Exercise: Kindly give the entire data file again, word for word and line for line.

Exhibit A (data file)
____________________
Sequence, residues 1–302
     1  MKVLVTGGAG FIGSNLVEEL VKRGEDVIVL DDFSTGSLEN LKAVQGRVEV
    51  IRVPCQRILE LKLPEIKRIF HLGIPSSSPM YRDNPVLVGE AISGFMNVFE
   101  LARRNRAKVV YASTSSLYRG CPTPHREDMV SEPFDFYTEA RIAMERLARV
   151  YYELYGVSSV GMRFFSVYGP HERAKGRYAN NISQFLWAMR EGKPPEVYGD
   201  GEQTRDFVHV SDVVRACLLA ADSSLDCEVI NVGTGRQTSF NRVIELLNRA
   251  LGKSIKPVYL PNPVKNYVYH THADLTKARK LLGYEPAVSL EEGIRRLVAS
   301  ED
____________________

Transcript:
Sequence, residues 1–302
     1  MKVLVTGGAG FIGSNLVEEL VKRGEDVIVL DDFSTGSLEN LKAVQGRVEV
    51  IRVPCQRILE LKLPEIKRIF HLGIPSSSPM YRDNPVLVGE AISGFMNVFE
   101  LARRNRAKVV YASTSSLYRG CPTPHREDMV SEPFDFYTEA RIAMERLARV
   151  YYELYGVSSV GMRFFSVYGP HERAKGRYAN NISQFLWAMR EGKPPEVYGD
   201  GEQTRDFVHV SDVVRACLLA ADSSLDCEVI NVGTGRQTSF NRVIELLNRA
   251  LGKSIKPVYL PNPVKNYVYH THADLTKARK LLGYEPAVSL EEGIRRLVAS
   301  ED